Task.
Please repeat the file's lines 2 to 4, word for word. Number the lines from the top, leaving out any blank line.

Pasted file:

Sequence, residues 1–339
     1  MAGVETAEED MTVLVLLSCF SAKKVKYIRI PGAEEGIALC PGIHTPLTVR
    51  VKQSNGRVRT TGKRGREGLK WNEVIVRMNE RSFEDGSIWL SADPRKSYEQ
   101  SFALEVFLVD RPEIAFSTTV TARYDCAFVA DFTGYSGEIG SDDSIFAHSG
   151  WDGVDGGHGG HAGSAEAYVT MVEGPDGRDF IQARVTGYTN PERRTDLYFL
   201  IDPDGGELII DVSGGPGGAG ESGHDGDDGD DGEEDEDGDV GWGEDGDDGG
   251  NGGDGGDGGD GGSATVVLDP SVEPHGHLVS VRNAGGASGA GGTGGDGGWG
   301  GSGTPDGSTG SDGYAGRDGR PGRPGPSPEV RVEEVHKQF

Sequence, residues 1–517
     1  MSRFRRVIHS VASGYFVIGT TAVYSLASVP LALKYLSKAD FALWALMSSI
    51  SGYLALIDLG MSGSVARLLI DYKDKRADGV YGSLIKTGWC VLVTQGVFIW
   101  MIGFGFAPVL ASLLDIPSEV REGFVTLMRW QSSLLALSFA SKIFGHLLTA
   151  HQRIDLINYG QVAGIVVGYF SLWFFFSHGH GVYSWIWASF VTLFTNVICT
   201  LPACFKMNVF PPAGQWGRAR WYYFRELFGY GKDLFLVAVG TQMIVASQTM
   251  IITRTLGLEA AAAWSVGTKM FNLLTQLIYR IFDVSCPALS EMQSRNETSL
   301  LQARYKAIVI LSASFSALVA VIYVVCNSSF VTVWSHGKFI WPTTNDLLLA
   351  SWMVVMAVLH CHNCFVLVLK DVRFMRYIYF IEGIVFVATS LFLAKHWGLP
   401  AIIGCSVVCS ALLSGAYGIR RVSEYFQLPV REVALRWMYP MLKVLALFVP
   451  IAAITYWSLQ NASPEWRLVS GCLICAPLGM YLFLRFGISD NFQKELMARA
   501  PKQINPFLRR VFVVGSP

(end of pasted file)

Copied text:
     1  MAGVETAEED MTVLVLLSCF SAKKVKYIRI PGAEEGIALC PGIHTPLTVR
    51  VKQSNGRVRT TGKRGREGLK WNEVIVRMNE RSFEDGSIWL SADPRKSYEQ
   101  SFALEVFLVD RPEIAFSTTV TARYDCAFVA DFTGYSGEIG SDDSIFAHSG